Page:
Jambalaya, Tilapia Sassafras, Dirty Rice and other trademarks with innovative recipes and nuances, quality ingredients and deft seasoning. The first dish you should try to get into the Cajun zone is the Gumbo. The rich stew is dense with chicken, Andouille sausage, peppers, okra, celery, dark roux and rice sparked with not-too-hot spices. It’s a super bowl, as robust as you’ll find north of N’awlins. Equally Southern and savory is the classic Jambalaya. Chicken and sausage are slow simmered to bring out the intrinsic flavor, with rice adding a nice counterbalance as the sauce, seasoning and optional shrimp complete the treat. In Low Country gastronomic jargon, etouffee means “smothered.” Here, sweet-tasting crawfish tails are smothered with a serious sauce of seafood stock, roux, rice and pinch of spice. The flavors linger long after the last morsel is swallowed. Another entree that stands out like a frantic fiddler at a zydeco gig is the Blackened Grouper. Thankfully, it’s not overly blackened into a lump of charcoal, but cooked just right and amplified with creamed corn and crawfish risotto drizzled with lemon buerre blanc. Moving on from Louisiana to Texas, the Baby Back Ribs are a fine mess of good eating. The well-endowed slabs are dry rubbed, hickory smoked – not baked – slathered with a sassy sauce and teamed with baked peanut brittle beans and taters. As you grab hold and start gnawing at the sweet meat, your fingers get sticky while your palate gets pacified.
Bluegrass’ Blackened Grouper is served with creamed corn and crawfish risotto. If you’re not exactly ragin’ over Cajun, the sushi-grade Ahi Tuna with sesame seaweed and togarashi (hot pepper), Tomato Basil Penne, eight-ounce Angus Beef Burger and any of five luscious steaks are appealing alternatives. Be sure to save room for dessert, which upholds the Southern theme with Ice Box Pie (pecans, caramel, shaved chocolate and graham cracker crust), Chocolate Chip Bread Pudding (with cayenne tinted Jim Beam whiskey) and old favorite Bananas Foster (with rum and cream de banana liqueur). Liquid refreshments include 40 craft beers – no Bud or Miller – and a wine inventory listing 85 all-domestic labels. Service is informed and informal. Located near Ravinia and Botanic Gardens, Bluegrass seats 85 in a no-frills, quasi-rustic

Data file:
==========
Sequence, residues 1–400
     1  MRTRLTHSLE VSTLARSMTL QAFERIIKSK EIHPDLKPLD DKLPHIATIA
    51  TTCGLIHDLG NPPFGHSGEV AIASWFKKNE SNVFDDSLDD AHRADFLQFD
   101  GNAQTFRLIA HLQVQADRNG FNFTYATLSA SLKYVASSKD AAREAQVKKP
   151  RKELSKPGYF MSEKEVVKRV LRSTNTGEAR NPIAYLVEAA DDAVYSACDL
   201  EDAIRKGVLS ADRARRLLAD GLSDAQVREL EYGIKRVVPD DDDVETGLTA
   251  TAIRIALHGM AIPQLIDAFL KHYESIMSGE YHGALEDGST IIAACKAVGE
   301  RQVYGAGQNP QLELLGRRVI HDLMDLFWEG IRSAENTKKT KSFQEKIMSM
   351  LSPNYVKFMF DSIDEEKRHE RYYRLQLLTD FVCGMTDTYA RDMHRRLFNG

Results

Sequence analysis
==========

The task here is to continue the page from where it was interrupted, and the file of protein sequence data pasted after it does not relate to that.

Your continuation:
setting with understated motif and a cozy bar. When the weather cooperates, a 20-seat outdoor patio accommodates the overflow of frequent full houses. Bluegrass, 1636 Old Deerfield Road, Highland Park; 847-831-0595; bluegrasshp.com. Entrees: $12.95-$29.95 Appetizers, salads, desserts: $6.95-$21.95 Sandwiches: $12.95-$18.95 Tue: All-You-Can-Eat Cajun Combo: $23.95 Kids menu: $7.95. Tidbits: Lunch, dinner Tue-Sun. Carryouts and catering. Parties for up to 125. Ample parking. Contact restaurant/food writer Chuck Pecoraro at firstname.lastname@example.org.
A Warm Neighborhood Place With an All American Fare and a Splash of the South h
Sunday Smoked Specials Order early, chicken and ribs do sell out! Tavern pale drafts 3 Bucks every Sunday, what goes es better with BBQ than a cold beer! BBQ half chicken with tater 6’ers and corn pudding ing 11.95 (white meat add 2 dollars) Sunday smoker for those who are not looking to make ake a decision till Monday, have one... 1/2 slab of our famous mous pit smoked ribs, 1/4 smoked BBQ chicken and a 1/4 lb. of ourr smoked corned beef brisket with tater 6’ers & corn pudding 18.95 5 BBQ (pit smoked), 1/2 chicken & 1/2 slab pit smoked ribs with tater 6’ers 18.85 (white meat add 2 dollars)
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arts & leisure
The movies in the game are from the ’50s. We are looking for the actor that is mostly closely associated with that movie. Some answers may be used more than once. Good luck! Contributed by Jack Schmerer, owner of RMS Productions, which offers creative and production services for high-quality media. To contact him, call 847-812-0789, email email@example.com, or visit rmsproductions.com.
To solve a sudoku, the numbers one through nine must fill each row, column, and box.
MOVIE 1. A Place in the Sun 2. All About Eve 3. Rebel Without a Cause 4. Blackboard Jungle 5. High Society 6. Sabrina 7. Separate Tables 8. The Long Hot Summer
9. Carmen Jones 10. Peyton Place 11. Twelve Angry Men 12. Seven Brides for Seven Brothers 13. Around the World in 80 Days 14. Pillow Talk
15. Roman Holiday 16. Rio Bravo 17. Spirit of St. Louis 18. North By Northwest 19. A Streetcar Named Desire 20. I’ll Cry Tomorrow 21. Shane
22. To Catch a Thief 23. The Three Faces of Eve 24. Cat on a Hot Tin Roof 25. The Country Girl